The tremendous potential value of a big data analytical system in healthcare can be easily explained: EHRs represent at this time the major source of patient information, but unfortunately, for the most part, data regarding symptoms, risk factors for a specific disease or outcomes after medical or surgical treatment come from unstructured text. The ability to translate this amount of information into a coded algorithm could allow for more precise screening programs and modify medical and/or surgical strategies. A systematic review from Kolech et al. analyzed the available methods, employing NLP to interpret symptoms from EHRs of inpatients and outpatients, finding possible future applications for NLP in the normalization of symptoms to controlled vocabularies, in order to avoid overlapping of different words for the same concept [21]. A notable criticism of the available studies has been that reported signs and symptoms are easily mixed as the same variable, making interpretation confusing. In this review, only 11% of studies focused on cancer patients, in contrast with the fact that, currently, a major area of interest for AI (not only NLP) is oncology, where early detection of cancer-specific symptoms could facilitate early diagnosis and potentially enhance screening techniques.
    An obvious and immediate advantage of having reliable and decoded data coming from clinical notes is the positive impact on the quality of retrospective studies. Moreover, NLP analysis of symptoms and signs in cancer patients may allow for the improved definition of prognostic factors other than surgical and oncological parameters [22]. Emotional status and quality of life of patients after cancer surgery or other cancer treatment has also been investigated through NLP [23][24]. Banerjee et al., with the creation of a specific domain vocabulary of side-effects after prostatectomy, were able to evaluate minor outcomes hidden in clinical free text, resulting in better management, which could be a game-changer in a population with a 5-year life expectancy rate approaching 99% [23].
    When applied to surgery, NPL has been extensively proposed pre-operatively and looking at different post-operative complications such as surgical site infection (SSI). Bucher et al. developed and validated a model of SSI prediction with NLP algorithm by analyzing EHRs from 21,000 patients entered into the ACS-NSQIP, using only text-based documents regarding history and physical condition, operative, progress and nursing notes, radiology reports and discharge summaries [25]. This predictive model had a sensitivity of 79% and a specificity of 92% on external validation, but its added value was the absolute reliable negative predictive value (NPV), which is a relevant issue for events with a low incidence. Anastomotic leak [26], deep venous thrombosis, myocardial infarction and pulmonary embolism were also frequently investigated and results from a recent meta-analysis [27] demonstrated that performance of NLP methods in detection of postoperative complications is similar, if not superior, to non-NLP methods, with a sensitivity of 0.92 versus 0.58 (p < 0.001), and comparable specificity. Moreover, NLP models seem to be better than non-NPL models for ruling out specific surgical outcomes, owing to an optimal true-negative identification power. Interestingly, the ability of algorithms to self-correct can increase the utility of their predictions as datasets grow to become more representative of a patient population.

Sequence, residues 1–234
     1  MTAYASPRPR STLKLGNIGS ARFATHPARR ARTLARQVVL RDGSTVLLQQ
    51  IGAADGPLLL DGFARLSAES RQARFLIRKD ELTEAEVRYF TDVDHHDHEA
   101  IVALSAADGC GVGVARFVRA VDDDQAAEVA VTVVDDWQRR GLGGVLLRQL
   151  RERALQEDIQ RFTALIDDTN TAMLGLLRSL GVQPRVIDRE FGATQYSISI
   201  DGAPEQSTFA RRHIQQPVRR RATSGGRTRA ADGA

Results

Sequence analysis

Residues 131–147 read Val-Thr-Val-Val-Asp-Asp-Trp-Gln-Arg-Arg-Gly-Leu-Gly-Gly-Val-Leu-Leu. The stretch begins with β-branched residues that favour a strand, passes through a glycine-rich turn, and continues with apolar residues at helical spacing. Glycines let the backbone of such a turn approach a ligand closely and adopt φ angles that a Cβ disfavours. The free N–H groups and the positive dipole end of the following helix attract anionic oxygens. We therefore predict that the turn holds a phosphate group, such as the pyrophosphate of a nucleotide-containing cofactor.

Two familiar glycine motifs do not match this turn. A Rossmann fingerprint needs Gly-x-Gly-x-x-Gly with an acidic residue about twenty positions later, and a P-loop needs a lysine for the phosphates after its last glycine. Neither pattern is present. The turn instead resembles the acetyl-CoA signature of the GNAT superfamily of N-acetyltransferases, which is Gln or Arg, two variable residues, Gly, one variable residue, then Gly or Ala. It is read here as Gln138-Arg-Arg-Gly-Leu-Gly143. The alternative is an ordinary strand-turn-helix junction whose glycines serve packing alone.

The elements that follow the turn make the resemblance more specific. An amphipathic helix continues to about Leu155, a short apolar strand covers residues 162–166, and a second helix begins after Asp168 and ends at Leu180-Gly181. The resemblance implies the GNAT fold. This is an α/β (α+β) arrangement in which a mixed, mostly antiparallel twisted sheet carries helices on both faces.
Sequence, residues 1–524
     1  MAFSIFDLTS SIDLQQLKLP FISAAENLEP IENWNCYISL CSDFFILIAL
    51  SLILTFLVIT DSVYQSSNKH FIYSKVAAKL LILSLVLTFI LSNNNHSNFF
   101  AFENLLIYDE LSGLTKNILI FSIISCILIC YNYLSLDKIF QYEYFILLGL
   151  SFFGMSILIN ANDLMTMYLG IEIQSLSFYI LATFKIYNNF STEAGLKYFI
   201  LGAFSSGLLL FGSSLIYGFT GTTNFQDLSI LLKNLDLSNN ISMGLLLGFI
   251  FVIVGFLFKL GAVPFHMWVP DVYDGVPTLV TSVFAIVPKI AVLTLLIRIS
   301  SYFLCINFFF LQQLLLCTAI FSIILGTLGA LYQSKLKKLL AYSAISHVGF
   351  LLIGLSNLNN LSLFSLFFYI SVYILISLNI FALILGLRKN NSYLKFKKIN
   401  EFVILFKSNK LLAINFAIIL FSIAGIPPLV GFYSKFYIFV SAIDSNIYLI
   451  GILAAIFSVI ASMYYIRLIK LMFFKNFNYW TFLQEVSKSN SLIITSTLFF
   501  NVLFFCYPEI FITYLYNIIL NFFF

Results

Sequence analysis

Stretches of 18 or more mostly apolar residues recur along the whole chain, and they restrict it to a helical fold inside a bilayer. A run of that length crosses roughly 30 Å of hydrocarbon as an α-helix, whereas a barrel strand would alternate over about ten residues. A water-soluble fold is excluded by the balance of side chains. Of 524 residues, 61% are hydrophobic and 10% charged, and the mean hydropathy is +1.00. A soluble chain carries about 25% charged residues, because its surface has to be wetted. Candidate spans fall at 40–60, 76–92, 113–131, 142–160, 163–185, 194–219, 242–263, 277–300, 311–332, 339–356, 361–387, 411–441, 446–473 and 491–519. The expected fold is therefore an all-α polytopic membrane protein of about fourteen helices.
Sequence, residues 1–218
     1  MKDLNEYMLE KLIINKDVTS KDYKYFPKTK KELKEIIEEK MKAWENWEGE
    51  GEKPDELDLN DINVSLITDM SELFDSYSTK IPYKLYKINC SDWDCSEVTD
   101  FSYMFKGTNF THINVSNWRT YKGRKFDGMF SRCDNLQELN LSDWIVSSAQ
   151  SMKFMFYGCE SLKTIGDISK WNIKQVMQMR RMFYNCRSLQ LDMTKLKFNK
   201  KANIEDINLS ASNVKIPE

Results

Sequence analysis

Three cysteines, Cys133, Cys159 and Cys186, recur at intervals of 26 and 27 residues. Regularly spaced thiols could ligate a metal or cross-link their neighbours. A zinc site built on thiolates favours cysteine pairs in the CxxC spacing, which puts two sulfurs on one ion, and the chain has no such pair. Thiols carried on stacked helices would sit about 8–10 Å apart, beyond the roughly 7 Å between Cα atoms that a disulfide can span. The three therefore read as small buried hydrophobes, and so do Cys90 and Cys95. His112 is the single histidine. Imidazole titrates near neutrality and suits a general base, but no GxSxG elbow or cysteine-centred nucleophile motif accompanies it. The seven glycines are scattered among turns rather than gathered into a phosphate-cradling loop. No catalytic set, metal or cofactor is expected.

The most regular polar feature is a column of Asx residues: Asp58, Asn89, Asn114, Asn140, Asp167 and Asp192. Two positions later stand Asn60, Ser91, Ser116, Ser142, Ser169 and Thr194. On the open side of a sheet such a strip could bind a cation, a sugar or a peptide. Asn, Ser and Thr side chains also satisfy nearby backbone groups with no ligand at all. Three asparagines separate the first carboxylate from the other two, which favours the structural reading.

These NLP applications are surely beneficial for patient management, providing better understanding of peri-operative data, but it can be a useful tool for surgeons as well, particularly when applied to surgical education. For example, decoding intra-operative dialogues between residents and faculty, combining NLP and CV, can create and implement a dataset of technique and surgical strategy, thus, creating a real-life textbook of surgery. In addition, NLP has been efficiently used [28] to assess Entrustable Professional Activities (EPAs). EPAs describe specific behaviors associated with different training levels of residents and it can potentially enhance the understanding of their training and autonomy in surgical practice.
    NLP can be used to validate datasets that are the basis of surgical risk predictive models, but the main limit of their widespread use is the non-homogeneity of NLP models and EHRs data entry forms across institutions and countries. A future improvement would entail expansion of registries from local to national and international levels to set algorithms that can be externally validated on various populations. Surgeons and their low-level confidence with AI represent another limit to developing a system that is theoretically perfect and promising: it is important for them to understand how AI may impact healthcare and to elaborate strategies of safe interaction to implement this nascent technology. Synergy between fields of AI is also essential in expanding its applications. Lastly, ethical issues and privacy rules protecting patients’ sensitive data, can limit the large-scale applicability of NLP over EHRs. Nonetheless, the enormous potential of NLP remains fascinating and the multiple potential benefits of its integration into healthcare must be balanced with risks. Although the technology does not currently exist for NLP to influence autonomous actions in surgery, it must be remembered that communication among team members during surgery is fundamental to the successful performance of surgery. Additionally, devices already exist and are used today that are voice-activated (ViKY, Endocontrol, Grenoble, France), and it is conceivable that NLP could eventually evolve to benefit the action of voice-controlled devices during a procedure [29][30].

    The entry is from 10.3390/s21165526